Why Is Boston’s Nightlife Scene So Uptight?

If there’s one thing everyone involved in Boston’s nightlife seems to agree on — perhaps the only thing — it’s that we’re more uptight than a prom in Utah. Last week, the Globe hosted a panel discussion titled “Loosen Up, Boston?” as part of its Building a Better Commonwealth series, which was promising, if only for the fact that in the past, the city’s starched-collar establishment saw urban nightlife in much the same way that 19th-century ranchers saw Indians. Unfortunately, the 90-minute discussion and Q+A session was rich with predictable axe-grinding, and short on worthwhile questions, let alone answers or ideas.

Naturally, the things that came up immediately, as they do in every such discussion, included our 2 a.m. last call and the fact that the T’s carriages turn into pumpkins about the same time as Cinderella’s. But the effect of these on nightlife is hardly axiomatically negative: San Francisco, Austin, Seattle, and Portland, Ore., all have 2 a.m. last calls (2:30 in Oregon) and transit systems that begin shutting down after midnight, to name just a few cities we’re often compared to unfavorably.

More irrelevant still was the discussion of housing costs that came up repeatedly in panelist comments and audience questions. Panelist J. Alain Ferry, CEO of Innovation District startup RaceMenu, spoke of the plague of young engineers who graduate from one of our local schools, spend a year or two here after graduation, then decamp to the brighter and more lively shores of San Francisco and the Silicon Valley. My experience in the tech sector agrees with Ferry’s: We’re probably a distant third or fourth behind the Bay Area and NYC in desirability for young software whiz kids, and once they move there, they rarely return. But if anyone is choosing to live in Williamsburg over the South End, or the Mission District over JP, it’s certainly not because of the lower housing costs. I don’t know what the nightlife is like in Buffalo, where last call is 4 a.m. and a couple months of Back Bay rent could probably buy a house, but it probably makes Worcester look like Ibiza in the high season.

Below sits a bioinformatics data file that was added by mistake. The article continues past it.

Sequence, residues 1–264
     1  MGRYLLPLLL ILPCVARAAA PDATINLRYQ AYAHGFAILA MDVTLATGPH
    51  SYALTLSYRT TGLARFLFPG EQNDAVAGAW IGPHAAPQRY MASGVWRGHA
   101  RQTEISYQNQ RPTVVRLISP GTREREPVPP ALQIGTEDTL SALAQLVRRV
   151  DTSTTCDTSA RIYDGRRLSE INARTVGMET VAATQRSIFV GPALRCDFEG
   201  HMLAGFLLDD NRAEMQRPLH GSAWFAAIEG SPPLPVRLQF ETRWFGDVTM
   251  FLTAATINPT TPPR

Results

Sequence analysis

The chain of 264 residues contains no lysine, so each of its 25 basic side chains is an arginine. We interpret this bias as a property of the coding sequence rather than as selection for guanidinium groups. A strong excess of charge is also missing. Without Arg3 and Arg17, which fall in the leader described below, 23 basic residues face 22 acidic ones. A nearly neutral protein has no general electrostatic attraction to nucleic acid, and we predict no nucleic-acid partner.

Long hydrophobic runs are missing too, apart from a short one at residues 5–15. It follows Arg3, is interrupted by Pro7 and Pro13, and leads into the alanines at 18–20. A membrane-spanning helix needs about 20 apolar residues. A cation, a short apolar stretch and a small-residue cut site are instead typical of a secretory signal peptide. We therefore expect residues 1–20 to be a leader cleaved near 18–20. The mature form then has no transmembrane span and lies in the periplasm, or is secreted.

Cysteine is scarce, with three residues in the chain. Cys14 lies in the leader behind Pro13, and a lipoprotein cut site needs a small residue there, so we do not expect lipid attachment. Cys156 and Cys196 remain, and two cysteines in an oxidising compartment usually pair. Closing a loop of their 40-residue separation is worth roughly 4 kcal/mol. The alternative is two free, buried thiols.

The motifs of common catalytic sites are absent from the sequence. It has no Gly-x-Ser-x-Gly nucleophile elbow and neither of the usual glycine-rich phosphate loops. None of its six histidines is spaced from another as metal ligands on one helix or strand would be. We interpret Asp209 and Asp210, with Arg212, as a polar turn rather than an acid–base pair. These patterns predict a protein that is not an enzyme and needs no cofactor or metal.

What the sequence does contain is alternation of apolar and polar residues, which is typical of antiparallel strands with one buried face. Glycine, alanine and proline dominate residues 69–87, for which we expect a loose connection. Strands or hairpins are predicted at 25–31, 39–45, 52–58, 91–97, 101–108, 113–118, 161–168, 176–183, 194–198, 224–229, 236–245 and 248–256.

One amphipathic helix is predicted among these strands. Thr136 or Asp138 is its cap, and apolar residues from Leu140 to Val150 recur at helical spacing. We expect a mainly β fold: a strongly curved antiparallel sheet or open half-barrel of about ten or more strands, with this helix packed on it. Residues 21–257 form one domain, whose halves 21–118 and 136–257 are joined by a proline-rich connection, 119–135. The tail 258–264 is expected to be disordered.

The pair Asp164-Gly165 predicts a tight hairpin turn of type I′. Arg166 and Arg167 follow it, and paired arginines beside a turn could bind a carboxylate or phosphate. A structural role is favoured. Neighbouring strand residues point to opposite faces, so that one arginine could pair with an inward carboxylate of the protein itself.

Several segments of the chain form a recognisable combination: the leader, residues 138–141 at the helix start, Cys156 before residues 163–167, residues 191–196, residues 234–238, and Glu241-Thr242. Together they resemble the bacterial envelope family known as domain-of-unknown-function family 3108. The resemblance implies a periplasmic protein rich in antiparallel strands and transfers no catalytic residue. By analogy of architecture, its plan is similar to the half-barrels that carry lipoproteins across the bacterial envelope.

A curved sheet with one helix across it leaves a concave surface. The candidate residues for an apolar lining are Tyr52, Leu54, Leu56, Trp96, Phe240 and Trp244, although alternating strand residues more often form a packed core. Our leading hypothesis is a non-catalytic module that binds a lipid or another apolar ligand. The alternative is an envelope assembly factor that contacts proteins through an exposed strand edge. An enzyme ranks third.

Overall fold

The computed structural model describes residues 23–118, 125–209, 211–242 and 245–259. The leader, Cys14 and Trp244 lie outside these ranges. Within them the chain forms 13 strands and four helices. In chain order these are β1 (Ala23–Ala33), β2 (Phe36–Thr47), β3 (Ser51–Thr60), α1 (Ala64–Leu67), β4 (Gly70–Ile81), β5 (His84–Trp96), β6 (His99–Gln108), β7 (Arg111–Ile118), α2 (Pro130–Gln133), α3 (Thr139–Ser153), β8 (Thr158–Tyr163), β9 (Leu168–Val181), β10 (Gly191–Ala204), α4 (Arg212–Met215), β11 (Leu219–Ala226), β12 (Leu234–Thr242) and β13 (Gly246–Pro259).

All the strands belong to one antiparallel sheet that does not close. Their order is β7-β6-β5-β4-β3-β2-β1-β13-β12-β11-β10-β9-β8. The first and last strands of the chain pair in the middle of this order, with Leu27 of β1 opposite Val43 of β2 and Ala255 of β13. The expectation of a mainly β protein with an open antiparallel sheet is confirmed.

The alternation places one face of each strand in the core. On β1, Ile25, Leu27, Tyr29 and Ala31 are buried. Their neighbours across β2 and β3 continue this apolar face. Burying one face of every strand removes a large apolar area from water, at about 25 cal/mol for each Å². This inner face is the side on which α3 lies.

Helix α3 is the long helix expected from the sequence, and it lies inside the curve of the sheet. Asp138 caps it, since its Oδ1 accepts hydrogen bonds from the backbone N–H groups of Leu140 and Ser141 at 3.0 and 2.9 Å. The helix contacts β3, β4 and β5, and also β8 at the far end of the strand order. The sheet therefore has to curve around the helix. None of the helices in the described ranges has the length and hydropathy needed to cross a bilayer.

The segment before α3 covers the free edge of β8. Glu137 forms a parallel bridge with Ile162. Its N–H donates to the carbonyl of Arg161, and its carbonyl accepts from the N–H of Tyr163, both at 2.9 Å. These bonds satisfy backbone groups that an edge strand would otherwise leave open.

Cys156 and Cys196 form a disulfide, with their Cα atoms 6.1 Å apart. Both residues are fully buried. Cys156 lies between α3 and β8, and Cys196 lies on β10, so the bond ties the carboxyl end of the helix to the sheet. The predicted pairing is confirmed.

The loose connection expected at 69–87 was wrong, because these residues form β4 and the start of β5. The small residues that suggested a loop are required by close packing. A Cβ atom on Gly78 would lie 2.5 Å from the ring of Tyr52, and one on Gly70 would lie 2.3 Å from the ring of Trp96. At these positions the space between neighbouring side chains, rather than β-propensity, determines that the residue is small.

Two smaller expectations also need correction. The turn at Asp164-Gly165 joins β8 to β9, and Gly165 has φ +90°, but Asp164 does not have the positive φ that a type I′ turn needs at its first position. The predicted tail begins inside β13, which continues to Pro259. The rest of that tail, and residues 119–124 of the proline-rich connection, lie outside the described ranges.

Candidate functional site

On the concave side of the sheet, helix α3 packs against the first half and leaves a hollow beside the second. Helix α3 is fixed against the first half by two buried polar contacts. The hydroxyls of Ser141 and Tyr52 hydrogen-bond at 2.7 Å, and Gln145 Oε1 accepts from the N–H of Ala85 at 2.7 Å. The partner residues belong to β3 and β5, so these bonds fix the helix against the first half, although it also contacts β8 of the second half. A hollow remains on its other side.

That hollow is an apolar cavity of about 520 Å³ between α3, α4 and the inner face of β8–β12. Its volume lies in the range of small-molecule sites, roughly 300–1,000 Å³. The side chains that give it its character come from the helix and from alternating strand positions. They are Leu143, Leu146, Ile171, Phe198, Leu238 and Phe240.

One worthy topic that did get at least some discussion if not much in the way of answers, was the role that neighborhood civic associations play in permitting and licensing. Randi Lathrop, deputy director of community planning for the Boston Redevelopment Authority, bemoaned the fact that no matter what the BRA tried to do or how it advertised meetings, nobody but the same old-timers ever showed up. “Go out and get involved” was her answer. Panelist Malia Lazu, executive director of the Future Boston Alliance, pointed out that as a young, single woman, showing up at her first neighborhood association meeting made her feel like an alien from outer space. Beyond that, it’s hard to see how younger people, who may move across town three to five times in the decade after college graduation, have much chance of building a lot of influence with neighborhood groups that reward seniority. The only sure answer is to give these groups less weight. I bet we’ll see Tom Menino campaigning in a Yankees hat before we see him defying his most reliable voting bloc.

But perhaps the best example of why progress here seems so tentative and halting came up in a discussion about bar closings and food trucks. Lathrop brought up the interesting point that the Boston police have seen downtown food trucks as a boon, because they’d rather see drunks stumbling around eating tacos and hot dogs than knuckle sandwiches, and this pointed to an increased opportunity for food trucks. But this point was quickly turned back by panelist Ali Fong, owner of the Bon Me food truck, who pointed out that trucks aren’t allowed to park close to bars and restaurants that the city sees as “competing” businesses. Moreover, only a handful of trucks are allowed to stay open after 10 p.m. Lathrop suggested that the City was thinking of allowing a few more to stay open until 11, and perhaps even 12 in the next year or so.

And therein lies the problem: Even presented with an idea on which the BRA, BPD, and local boozehounds largely agree, the City’s answer is to perhaps take one baby step this year, and another next year, and hey, maybe in five or 10 years we’ll get there. Innovation isn’t just a matter of how far you go, it’s also, and sometimes more importantly, a measure of how long it takes you to get there. And for many in Boston, not least the people who bought their houses and condos around the time today’s 20- and 30-somethings were born, there’s just no sense of urgency.